Pickled Stain

If someone suggests an afternoon of pickling, those unfamiliar with DIY terminology might reasonably assume they should gather up a bushel of cucumbers and some vinegar and get to work. While that sounds tasty, in the crafting and woodworking worlds, pickling is something entirely different.

What Is Pickling?

Pickling is very close to whitewashing and bleaching in that they’re all ways to treat wood and create a sort of “wash” of light, transparent color that still allows the woodgrain to show through.

The term “pickling” dates way back to the 1500s when Europeans would treat their wood with caustic lye to prevent wood infestations from ruining furniture and even the structure of the homes themselves. Unlike many such preventive measures, pickling actually added to the look and feel of the surfaces it was used upon, and a new decorative trend was born.

You can pickle almost any wood surface, but the effect is far more prominent on lighter materials. You can pickle your shutters, walls, floors, bathroom doors, picnic table or grandmother’s old rocking chair. Use the technique to create a focus wall or reimagine a picture frame, or use it strategically throughout your beach house for a chic, worn-in look that feels both homey and artistic.

Keep in mind, too, that while pickling may often look rustic, it doesn’t have to be. Depending on the underlying woodgrain, paint coverage, technique and even the tools you use for application, pickling can be as deliberately unpolished or as smooth and refined as you wish.

Why Use Real Milk Paint?

Real Milk Paint is a fantastic choice for pickling for several reasons:

  • You control the coverage. For a lighter wash, just add a little more water. For a more opaque finish, use a higher powder-to-water ratio.
  • Create your own colors easily by mixing paint until you find a shade you like. Rather than opening multiple traditional paint cans and dealing with messy drips and spills, you just scoop a bit of Real Milk Paint powder from one container and some from another and mix them together.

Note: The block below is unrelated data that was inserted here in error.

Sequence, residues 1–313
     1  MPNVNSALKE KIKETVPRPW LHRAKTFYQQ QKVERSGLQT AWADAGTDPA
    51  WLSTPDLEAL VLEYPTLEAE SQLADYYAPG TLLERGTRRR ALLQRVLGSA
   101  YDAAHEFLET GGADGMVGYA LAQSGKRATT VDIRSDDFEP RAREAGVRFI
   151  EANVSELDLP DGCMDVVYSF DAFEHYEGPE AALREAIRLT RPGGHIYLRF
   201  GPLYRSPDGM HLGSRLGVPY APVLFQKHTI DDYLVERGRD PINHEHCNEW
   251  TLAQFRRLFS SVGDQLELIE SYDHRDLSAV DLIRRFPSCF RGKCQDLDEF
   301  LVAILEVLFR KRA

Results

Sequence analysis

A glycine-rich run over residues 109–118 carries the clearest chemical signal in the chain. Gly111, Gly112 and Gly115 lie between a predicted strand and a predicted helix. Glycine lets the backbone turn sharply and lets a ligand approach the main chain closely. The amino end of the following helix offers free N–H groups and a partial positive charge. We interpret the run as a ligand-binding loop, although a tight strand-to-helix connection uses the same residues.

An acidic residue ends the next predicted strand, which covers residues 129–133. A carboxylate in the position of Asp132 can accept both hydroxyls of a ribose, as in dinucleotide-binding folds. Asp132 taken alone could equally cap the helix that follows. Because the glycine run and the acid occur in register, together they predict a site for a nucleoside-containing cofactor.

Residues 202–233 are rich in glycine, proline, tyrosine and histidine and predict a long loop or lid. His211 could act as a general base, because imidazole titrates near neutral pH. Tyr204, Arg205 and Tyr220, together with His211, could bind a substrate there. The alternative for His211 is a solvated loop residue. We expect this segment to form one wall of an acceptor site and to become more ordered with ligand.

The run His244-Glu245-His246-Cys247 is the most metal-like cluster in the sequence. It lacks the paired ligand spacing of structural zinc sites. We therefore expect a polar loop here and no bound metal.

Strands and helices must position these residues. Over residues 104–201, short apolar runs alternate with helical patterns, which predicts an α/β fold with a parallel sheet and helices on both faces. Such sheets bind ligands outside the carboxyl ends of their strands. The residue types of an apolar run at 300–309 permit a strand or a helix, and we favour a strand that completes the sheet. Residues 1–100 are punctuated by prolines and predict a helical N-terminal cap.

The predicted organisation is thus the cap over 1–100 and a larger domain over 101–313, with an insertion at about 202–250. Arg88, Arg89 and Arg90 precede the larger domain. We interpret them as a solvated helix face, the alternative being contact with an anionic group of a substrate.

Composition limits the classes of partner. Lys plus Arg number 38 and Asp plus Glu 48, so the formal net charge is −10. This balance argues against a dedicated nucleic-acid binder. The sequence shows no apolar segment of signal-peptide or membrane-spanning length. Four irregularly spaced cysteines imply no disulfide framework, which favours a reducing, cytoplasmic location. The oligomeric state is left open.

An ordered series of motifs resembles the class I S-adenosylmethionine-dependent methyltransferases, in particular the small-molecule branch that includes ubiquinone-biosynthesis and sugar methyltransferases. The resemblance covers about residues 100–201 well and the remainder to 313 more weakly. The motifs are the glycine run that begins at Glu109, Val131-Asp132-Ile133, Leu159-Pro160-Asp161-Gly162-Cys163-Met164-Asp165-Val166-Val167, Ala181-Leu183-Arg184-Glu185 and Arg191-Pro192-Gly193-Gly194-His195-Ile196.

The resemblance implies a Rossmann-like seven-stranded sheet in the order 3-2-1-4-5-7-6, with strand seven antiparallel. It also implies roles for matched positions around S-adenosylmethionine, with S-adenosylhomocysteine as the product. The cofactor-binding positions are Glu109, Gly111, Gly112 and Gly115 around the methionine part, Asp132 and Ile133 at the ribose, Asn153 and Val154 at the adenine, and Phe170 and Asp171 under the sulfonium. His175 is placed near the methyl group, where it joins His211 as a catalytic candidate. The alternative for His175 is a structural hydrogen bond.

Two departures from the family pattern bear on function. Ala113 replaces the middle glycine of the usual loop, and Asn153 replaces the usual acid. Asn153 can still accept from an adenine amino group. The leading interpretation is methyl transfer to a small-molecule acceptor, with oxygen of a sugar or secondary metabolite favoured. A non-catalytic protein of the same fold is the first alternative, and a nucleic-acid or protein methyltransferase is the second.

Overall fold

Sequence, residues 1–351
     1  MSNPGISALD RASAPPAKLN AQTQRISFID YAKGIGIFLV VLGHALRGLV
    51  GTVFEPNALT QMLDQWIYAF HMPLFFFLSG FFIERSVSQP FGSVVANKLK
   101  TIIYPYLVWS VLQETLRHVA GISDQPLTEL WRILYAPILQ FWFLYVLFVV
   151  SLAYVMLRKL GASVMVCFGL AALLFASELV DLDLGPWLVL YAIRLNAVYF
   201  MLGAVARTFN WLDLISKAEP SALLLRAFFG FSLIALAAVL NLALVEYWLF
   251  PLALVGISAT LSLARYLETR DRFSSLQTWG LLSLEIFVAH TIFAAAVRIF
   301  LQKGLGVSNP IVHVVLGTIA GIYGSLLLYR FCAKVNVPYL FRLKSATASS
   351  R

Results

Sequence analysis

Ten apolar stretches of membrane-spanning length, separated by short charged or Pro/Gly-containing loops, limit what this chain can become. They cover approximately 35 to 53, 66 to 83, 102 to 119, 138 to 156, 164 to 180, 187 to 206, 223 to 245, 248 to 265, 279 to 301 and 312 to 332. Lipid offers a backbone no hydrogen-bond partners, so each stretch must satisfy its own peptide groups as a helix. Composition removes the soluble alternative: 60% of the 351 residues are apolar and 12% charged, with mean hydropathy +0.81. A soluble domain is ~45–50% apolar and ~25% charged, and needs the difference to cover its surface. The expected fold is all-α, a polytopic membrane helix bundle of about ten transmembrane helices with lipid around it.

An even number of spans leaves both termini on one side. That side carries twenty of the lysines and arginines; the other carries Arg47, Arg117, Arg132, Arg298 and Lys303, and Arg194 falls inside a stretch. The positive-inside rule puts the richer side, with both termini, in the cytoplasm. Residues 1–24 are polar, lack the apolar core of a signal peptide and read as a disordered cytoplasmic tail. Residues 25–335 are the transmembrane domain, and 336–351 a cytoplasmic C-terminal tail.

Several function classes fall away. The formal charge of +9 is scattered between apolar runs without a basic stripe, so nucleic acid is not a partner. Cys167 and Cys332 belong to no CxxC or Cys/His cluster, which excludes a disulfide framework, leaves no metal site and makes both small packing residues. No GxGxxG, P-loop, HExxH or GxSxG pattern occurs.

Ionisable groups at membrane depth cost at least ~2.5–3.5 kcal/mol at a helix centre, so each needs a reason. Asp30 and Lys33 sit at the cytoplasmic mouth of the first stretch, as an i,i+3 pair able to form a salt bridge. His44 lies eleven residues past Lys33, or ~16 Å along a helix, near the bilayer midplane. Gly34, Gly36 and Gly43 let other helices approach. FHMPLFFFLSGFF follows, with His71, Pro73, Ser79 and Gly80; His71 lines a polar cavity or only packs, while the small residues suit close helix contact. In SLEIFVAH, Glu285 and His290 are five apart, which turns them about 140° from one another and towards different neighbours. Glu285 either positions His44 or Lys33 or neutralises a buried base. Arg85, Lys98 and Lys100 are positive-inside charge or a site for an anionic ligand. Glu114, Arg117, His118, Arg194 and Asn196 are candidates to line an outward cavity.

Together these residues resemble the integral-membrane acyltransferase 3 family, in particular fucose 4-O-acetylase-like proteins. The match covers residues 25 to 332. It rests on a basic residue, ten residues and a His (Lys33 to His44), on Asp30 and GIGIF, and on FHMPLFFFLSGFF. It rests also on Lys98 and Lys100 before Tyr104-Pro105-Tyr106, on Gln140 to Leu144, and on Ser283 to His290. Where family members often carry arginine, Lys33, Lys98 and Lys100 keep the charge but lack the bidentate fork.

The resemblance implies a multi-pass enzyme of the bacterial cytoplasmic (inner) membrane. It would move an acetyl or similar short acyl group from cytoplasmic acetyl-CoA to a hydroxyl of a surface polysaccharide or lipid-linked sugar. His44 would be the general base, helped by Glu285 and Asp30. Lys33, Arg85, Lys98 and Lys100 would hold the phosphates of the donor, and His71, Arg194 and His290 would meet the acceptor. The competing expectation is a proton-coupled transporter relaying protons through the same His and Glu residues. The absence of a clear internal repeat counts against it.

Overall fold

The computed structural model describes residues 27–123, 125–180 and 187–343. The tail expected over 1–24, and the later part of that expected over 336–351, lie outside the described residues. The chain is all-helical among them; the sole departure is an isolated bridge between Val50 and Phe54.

• It’s shelf-stable for at least two weeks. Mix up your Real Milk Paint today and use it for any projects you have on tap in the near future.
  • It’s safe and nontoxic. Use it to pickle the furniture for your baby’s nursery or take on a DIY project in your living room or den and never worry about noxious fumes.
  • Real Milk Paint is environmentally sound — so much so that you can dump the leftovers in your garden and it will actually help the soil, not hurt it.

How to Pickle: Step-by-Step Directions

  • Step One: Prep your surface by wiping away any dirt and debris, and then give it a quick sand to help open up the wood’s pores so they’ll better soak up the paint. Clean up after your sanding efforts with another quick wipe using a lint-free cloth.
  • Step Two: Mix up your favorite color of Real Milk Paint (you’ll want it thinner than usual to get the proper pickling effect — try a 4:1 water-to-powder ratio to start) and use a clean, dry paintbrush to do a test patch. Use a clean, dry rag to rub the paint into the wood, working against the grain. Grab another rag to remove the excess.
  • Step Three: If you like your results, continue to repeat Step Two, working in small sections until the entire surface is complete. If you want more or less coverage, adjust your paint mix and do another test patch.
  • Step Four: Allow your paint to dry, and then seal it using one of our finishing creams in low sheen, dead flat or gloss. Depending on the surface and your desired effect, a Real Milk Paint’s Soft Clear wax sealant may be a good choice, too. Keep in mind whether you’re pickling a high-traffic area and if your piece will be exposed to the elements — that will help you pick the finishing solution ideal for your needs.

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